HZT-501 is a novel combination of 800 mg ibuprofen and 26.6 mg famotidine in a single pill. Ibuprofen is one of the most widely prescribed non-steroidal anti-inflammatory drugs, or NSAIDs, worldwide and famotidine is a well-established gastrointestinal, or GI, agent used to treat dyspepsia, gastroesophageal reflux disease, or GERD, and active ulcers, and to reduce the risk of NSAID-induced upper GI ulcers. We have completed two pivotal Phase 3 clinical trials of HZT-501 under an SPA with the FDA in a total of over 1,500 patients with mild to moderate pain or arthritis that demonstrated a statistically significant reduction in the incidence of NSAID-induced upper GI ulcers when treated with HZT-501 versus ibuprofen alone. Based on these results, we submitted an NDA to the FDA in March 2010 requesting approval to market HZT-501 for reducing the risk of developing NSAID-induced upper GI ulcers in patients with mild to moderate pain and arthritis that require use of an NSAID. The FDA notified us in May 2010 that it had accepted the NDA for review and initially assigned a Prescription Drug User Fee Act, or PDUFA, goal date of January 21, 2011 for its review of the NDA. The FDA subsequently notified us in December 2010 that it had extended the PDUFA goal date to April 22, 2011 so that it could conduct a full review of an FDA-solicited major amendment to the NDA, which consisted of additional statistical analysis of previous clinical studies. In October 2010, we submitted an MAA in selected European countries requesting approval to market HZT-501 for the symptomatic relief of pain due to osteoarthritis, or OA, rheumatoid arthritis, or RA, and other selected rheumatologic conditions in patients with a previous history of, or who are at risk of developing, NSAID-induced GI ulcers and that require use of an NSAID. The MAA submission was subsequently validated by regulatory authorities in the United Kingdom, as the Reference Member State, along with regulatory authorities in France, Germany, Italy, Luxembourg, the Netherlands and Norway, as concerned member states, in January 2011. The statutory review period for an MAA is 210 days from the date of submission, excluding any periods when the review period is stopped.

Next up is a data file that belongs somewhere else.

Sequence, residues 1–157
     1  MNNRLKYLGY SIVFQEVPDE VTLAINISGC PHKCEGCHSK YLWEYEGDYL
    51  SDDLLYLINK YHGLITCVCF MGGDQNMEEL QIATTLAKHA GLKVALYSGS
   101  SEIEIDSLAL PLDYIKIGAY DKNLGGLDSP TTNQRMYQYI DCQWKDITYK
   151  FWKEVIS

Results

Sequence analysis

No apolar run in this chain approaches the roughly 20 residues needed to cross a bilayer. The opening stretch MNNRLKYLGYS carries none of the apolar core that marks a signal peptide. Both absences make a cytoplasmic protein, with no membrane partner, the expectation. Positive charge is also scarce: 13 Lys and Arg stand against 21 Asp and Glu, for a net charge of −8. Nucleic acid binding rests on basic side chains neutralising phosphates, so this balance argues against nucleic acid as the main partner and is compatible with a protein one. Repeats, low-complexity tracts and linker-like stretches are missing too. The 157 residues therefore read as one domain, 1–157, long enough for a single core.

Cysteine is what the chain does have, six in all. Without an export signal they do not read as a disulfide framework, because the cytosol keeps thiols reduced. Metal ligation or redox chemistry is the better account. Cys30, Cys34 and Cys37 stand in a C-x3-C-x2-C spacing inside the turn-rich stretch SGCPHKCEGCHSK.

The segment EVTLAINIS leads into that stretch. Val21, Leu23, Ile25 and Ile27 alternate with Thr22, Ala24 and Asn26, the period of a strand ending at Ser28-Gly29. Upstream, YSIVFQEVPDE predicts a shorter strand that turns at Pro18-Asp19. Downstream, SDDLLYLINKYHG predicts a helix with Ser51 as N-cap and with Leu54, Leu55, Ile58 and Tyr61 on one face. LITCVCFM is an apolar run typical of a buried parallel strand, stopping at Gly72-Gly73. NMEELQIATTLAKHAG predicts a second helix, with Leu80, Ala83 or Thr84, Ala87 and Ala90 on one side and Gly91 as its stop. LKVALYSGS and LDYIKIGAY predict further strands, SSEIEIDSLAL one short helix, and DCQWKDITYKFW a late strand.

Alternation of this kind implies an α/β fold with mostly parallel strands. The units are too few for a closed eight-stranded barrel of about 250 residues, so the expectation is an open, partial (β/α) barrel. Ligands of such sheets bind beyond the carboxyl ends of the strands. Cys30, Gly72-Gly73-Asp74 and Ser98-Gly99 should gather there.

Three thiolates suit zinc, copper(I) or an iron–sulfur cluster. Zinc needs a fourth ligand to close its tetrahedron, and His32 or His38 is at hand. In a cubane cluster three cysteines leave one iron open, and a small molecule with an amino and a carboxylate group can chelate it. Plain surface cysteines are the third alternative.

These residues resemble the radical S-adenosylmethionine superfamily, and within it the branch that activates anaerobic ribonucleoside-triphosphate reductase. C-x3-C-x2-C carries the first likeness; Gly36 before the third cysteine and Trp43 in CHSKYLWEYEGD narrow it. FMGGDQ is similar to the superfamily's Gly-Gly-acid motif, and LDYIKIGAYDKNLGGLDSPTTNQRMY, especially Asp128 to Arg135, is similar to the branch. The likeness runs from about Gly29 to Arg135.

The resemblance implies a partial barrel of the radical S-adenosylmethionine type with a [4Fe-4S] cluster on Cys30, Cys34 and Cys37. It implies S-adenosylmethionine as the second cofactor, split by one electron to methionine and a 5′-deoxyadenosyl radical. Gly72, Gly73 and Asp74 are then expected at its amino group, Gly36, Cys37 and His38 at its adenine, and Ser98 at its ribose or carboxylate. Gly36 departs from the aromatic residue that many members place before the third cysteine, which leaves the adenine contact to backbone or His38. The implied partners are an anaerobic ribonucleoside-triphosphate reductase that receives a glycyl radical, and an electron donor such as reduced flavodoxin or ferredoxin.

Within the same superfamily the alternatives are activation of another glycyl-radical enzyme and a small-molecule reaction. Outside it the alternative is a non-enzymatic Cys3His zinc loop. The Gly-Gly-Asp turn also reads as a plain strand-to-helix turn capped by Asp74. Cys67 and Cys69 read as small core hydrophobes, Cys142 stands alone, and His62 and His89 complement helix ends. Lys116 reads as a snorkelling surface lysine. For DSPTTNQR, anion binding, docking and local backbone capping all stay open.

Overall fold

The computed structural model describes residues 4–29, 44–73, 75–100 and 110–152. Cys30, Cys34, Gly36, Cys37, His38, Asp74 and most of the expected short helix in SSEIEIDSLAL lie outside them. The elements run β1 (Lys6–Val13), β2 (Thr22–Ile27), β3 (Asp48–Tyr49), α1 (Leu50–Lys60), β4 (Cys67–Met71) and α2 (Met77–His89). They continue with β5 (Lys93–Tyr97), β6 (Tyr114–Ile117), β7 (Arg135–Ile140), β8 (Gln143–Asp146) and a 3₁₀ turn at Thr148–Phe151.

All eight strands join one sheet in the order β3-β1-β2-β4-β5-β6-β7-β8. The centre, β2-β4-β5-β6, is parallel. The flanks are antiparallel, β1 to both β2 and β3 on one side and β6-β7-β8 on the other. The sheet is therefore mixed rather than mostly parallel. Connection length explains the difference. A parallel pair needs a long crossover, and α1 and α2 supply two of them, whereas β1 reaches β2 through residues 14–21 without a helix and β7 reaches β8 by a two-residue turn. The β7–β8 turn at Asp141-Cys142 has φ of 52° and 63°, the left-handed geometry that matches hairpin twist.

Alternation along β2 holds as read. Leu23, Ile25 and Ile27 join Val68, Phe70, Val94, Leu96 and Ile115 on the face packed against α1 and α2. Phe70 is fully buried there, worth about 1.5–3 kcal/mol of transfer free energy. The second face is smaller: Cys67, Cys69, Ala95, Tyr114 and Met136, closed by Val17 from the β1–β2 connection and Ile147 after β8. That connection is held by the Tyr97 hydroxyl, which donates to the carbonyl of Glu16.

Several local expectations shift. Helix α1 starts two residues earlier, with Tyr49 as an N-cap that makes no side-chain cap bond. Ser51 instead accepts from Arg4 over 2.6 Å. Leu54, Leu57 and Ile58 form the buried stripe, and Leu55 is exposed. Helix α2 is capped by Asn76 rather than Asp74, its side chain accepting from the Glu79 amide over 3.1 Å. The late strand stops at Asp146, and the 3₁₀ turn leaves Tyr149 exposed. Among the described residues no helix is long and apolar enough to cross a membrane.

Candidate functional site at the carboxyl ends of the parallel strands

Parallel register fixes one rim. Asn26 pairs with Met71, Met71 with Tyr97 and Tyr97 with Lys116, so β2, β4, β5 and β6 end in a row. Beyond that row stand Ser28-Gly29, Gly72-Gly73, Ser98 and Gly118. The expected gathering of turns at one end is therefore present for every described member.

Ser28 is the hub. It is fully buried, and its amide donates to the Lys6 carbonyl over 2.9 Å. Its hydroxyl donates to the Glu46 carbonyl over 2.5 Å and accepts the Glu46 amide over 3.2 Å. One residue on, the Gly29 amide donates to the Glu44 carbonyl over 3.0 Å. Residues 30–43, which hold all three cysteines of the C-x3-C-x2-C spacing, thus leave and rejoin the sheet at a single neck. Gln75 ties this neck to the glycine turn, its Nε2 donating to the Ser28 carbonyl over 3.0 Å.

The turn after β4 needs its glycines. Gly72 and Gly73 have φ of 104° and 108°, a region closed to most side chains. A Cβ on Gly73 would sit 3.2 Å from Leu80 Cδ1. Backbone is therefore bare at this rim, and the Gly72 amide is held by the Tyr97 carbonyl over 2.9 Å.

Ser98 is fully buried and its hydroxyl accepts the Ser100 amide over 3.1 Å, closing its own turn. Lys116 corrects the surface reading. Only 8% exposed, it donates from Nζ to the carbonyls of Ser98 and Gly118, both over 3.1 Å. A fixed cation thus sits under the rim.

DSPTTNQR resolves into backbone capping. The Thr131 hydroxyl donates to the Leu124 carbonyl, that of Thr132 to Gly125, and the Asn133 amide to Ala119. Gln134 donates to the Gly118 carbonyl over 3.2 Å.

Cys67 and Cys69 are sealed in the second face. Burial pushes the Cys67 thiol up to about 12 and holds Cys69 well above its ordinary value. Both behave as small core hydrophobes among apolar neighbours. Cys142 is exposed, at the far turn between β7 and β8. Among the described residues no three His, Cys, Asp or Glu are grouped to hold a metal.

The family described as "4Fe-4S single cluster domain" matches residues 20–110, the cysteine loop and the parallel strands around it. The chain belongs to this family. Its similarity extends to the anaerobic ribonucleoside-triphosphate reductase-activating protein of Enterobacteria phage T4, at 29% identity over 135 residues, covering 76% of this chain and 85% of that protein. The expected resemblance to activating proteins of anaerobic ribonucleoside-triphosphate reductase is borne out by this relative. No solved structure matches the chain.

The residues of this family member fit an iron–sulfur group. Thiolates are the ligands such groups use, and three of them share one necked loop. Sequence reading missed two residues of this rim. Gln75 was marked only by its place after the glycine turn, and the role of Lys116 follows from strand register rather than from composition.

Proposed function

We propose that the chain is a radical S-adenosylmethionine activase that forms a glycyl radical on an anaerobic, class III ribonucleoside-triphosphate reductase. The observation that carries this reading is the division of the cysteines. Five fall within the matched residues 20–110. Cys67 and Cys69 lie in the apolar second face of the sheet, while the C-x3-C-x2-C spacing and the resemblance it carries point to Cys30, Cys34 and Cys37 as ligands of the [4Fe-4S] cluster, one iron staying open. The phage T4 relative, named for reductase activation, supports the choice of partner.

LODOTRA, a proprietary programmed release formulation of low-dose prednisone, has received regulatory approval in Europe for the reduction of morning stiffness associated with RA. Prednisone is a drug used to inhibit the production of various pro-inflammatory cytokines, which are proteins associated with joint inflammation in RA. We have completed two pivotal Phase 3 clinical trials of LODOTRA in a total of over 600 patients with RA. The first pivotal Phase 3 trial supported the approval of LODOTRA in Europe in March 2009 where it is currently approved for marketing in 14 European countries. The second pivotal Phase 3 clinical trial was designed to support an NDA submission for U.S. marketing approval. LODOTRA achieved statistically significant results and met the primary endpoint in each of the two pivotal Phase 3 clinical trials.